C++ How to Program, Global Edition

Paul J. Deitel / Harvey Deitel  
Total pages
December 2016
Related Titles


For courses in C++ Programming

The best-selling C++ How to Program is accessible to readers with little or no programming experience, yet comprehensive enough for the professional programmer. The Deitels’ signature live-code approach presents the concepts in the context of full working programs followed by sample executions. The early objects approach gets readers thinking about objects immediately–allowing them to more thoroughly master the concepts. Emphasis is placed on achieving program clarity and building well-engineered software. Interesting, entertaining, and challenging exercises encourage students to make a difference and use computers and the Internet to work on problems. To keep readers up-to-date with leading-edge computing technologies, the Tenth Edition conforms to the C++11 standard and the new C++14 standard.


Focus on object-oriented programming

  • Early-objects approach. Accessible to even the most novice programmer, the book introduces the basic concepts and terminology of object technology in Chapter 1 and then asks readers to develop their first customised classes and objects in Chapter 3. Presenting objects and classes early gets readers thinking about objects immediately so they can master these concepts more thoroughly.
  • C++ Standard Library String. C++ offers two types of strings–string class objects (which are used beginning in Chapter 3) and C strings. Most occurrences of C strings are replaced with instances of C++ class string to make programs more robust and eliminate many of the security problems of C strings. C strings are discussed later in the book to prepare readers for working with the legacy code that they will encounter in industry.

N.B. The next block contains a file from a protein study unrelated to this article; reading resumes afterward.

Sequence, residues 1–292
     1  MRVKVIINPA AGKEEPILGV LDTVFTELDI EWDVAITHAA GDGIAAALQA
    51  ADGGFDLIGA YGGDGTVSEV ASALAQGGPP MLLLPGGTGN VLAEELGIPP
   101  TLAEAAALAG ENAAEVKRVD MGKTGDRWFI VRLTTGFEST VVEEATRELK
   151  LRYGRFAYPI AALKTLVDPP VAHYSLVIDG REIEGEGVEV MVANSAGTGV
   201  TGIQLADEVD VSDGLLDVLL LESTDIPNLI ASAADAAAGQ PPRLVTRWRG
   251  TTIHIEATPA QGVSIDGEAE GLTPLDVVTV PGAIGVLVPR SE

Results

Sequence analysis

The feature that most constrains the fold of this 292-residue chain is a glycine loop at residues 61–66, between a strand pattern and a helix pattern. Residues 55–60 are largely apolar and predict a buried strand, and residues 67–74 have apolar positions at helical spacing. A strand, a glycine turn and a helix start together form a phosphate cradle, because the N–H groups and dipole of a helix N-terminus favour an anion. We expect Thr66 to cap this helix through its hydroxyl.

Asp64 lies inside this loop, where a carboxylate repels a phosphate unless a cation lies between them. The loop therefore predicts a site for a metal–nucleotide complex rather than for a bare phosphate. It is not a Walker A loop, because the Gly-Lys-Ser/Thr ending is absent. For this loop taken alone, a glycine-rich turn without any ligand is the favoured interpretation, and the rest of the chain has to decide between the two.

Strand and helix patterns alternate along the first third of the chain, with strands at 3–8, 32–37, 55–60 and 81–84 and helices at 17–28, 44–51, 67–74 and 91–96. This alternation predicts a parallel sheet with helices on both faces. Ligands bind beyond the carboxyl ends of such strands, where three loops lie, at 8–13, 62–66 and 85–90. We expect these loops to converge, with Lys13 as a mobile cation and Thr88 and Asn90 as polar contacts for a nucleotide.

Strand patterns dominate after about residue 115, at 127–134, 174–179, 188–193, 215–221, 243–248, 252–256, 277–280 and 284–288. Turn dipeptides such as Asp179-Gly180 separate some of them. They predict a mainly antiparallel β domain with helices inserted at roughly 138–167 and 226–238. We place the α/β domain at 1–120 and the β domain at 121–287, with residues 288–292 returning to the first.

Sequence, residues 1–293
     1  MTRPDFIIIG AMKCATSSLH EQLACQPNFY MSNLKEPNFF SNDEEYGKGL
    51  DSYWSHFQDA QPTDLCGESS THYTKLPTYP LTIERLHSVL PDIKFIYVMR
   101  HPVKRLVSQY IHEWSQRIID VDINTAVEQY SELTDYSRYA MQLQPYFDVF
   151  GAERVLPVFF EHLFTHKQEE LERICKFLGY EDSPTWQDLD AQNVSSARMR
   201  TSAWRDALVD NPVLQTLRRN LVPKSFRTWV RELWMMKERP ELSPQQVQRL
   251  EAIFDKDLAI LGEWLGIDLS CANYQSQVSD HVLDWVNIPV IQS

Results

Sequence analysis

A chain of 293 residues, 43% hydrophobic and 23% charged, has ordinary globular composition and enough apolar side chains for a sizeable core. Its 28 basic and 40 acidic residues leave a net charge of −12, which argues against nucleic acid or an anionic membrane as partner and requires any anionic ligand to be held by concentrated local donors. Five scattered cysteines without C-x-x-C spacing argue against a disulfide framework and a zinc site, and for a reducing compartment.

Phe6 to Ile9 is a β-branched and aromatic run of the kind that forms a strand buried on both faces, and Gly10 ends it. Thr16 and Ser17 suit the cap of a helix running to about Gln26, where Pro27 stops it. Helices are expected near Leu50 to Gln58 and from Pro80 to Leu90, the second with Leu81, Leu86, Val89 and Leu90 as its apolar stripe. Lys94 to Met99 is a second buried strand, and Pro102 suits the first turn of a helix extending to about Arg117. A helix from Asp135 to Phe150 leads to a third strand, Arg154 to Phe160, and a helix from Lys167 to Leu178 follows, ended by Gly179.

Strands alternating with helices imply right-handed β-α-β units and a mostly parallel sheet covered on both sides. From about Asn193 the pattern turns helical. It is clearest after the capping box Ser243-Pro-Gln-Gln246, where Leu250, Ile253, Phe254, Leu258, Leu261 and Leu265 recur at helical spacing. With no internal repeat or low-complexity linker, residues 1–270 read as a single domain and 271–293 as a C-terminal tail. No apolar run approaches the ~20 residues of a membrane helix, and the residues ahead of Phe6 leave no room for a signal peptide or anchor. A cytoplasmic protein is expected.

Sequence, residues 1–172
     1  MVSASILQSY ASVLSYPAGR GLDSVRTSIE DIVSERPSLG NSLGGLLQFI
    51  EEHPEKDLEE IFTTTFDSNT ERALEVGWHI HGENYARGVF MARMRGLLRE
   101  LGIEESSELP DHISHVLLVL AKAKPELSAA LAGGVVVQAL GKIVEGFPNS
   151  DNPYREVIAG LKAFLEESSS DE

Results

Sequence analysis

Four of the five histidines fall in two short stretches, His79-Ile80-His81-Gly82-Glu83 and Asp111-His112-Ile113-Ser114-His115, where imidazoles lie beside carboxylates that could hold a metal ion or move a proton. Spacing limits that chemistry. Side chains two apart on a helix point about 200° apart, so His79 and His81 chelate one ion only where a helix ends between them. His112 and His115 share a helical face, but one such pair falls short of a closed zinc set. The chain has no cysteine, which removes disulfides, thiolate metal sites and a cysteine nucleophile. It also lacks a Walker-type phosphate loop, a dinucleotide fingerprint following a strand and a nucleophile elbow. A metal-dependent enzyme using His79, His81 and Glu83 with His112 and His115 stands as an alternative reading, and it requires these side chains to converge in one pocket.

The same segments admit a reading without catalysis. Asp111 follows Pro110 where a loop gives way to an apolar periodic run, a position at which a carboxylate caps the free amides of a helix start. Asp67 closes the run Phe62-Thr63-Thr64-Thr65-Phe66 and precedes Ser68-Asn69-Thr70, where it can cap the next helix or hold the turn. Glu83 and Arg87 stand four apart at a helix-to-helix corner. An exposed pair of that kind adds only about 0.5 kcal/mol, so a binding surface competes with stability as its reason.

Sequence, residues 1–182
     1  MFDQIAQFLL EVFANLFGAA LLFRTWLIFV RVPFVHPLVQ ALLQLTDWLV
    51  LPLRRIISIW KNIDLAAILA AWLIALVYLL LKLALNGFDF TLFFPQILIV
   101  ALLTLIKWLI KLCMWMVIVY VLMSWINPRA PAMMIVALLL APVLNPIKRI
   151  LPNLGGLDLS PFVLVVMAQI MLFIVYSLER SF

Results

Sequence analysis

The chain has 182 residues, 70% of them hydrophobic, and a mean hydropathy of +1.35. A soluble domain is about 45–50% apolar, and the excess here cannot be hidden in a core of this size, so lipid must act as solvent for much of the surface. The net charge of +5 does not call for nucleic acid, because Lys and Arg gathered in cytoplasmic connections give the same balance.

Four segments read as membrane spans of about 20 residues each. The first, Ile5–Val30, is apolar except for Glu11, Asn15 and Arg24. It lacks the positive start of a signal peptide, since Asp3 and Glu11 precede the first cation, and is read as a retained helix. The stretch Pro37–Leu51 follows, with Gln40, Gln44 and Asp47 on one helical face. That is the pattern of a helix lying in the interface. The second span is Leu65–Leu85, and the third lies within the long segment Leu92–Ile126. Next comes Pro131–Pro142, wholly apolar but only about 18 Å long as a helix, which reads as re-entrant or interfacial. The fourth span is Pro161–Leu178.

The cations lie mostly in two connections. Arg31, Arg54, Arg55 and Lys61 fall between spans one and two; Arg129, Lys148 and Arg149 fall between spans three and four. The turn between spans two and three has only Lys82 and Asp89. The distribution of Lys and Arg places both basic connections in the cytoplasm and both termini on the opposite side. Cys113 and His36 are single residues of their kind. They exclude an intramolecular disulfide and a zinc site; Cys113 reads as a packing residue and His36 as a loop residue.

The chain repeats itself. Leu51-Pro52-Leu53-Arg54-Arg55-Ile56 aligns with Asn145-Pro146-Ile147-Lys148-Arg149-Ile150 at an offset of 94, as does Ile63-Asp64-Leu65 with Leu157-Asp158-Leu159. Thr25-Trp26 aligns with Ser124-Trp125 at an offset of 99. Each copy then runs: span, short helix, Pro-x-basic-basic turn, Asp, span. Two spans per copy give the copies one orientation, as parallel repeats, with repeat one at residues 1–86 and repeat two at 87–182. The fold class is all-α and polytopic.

• C++ Standard Library array. C++ offers three types of arrays–arrays and vectors (which are used beginning in Chapter 7) and C-style, pointer-based arrays which are discussed in Chapter 8. The primary treatment of arrays uses the Standard Library’s array and vector class templates instead of built-in, C-style, pointerbased arrays. Built-in arrays are also covered because they remain useful in C++ and and will enable students to read legacy code.
  • Crafting valuable classes. To prepare readers to build valuable reusable classes, Chapter 10 begins with a test-drive of class template string–allowing students to see an elegant use of operator overloading before they implement their own customised class with overloaded operators. In the Chapter 10 case study, students will build their own custom Array class, then in the Chapter 18 exercises they will convert it to a class template.
  • Case studies in object-oriented programming. Several well-engineered, real-world case studies are presented, including the Account class in Chapter 3, Student class in Chapter 4, DollarAmount class in Chapter 5, GradeBook class in Chapter 7, the Time class in Chapter 9, the Employee class in Chapters 11—12, and more.
  • Optional case study: Using the UML to develop an object-oriented design and C++ implementation of an ATM. UMLTM (Unified Modeling LanguageTM) is introduced in the early chapters. Online Chapters 25 and 26 include an optional object-oriented design case study using the UML. To help them “tie it all together” and truly understand object orientation, students will learn to: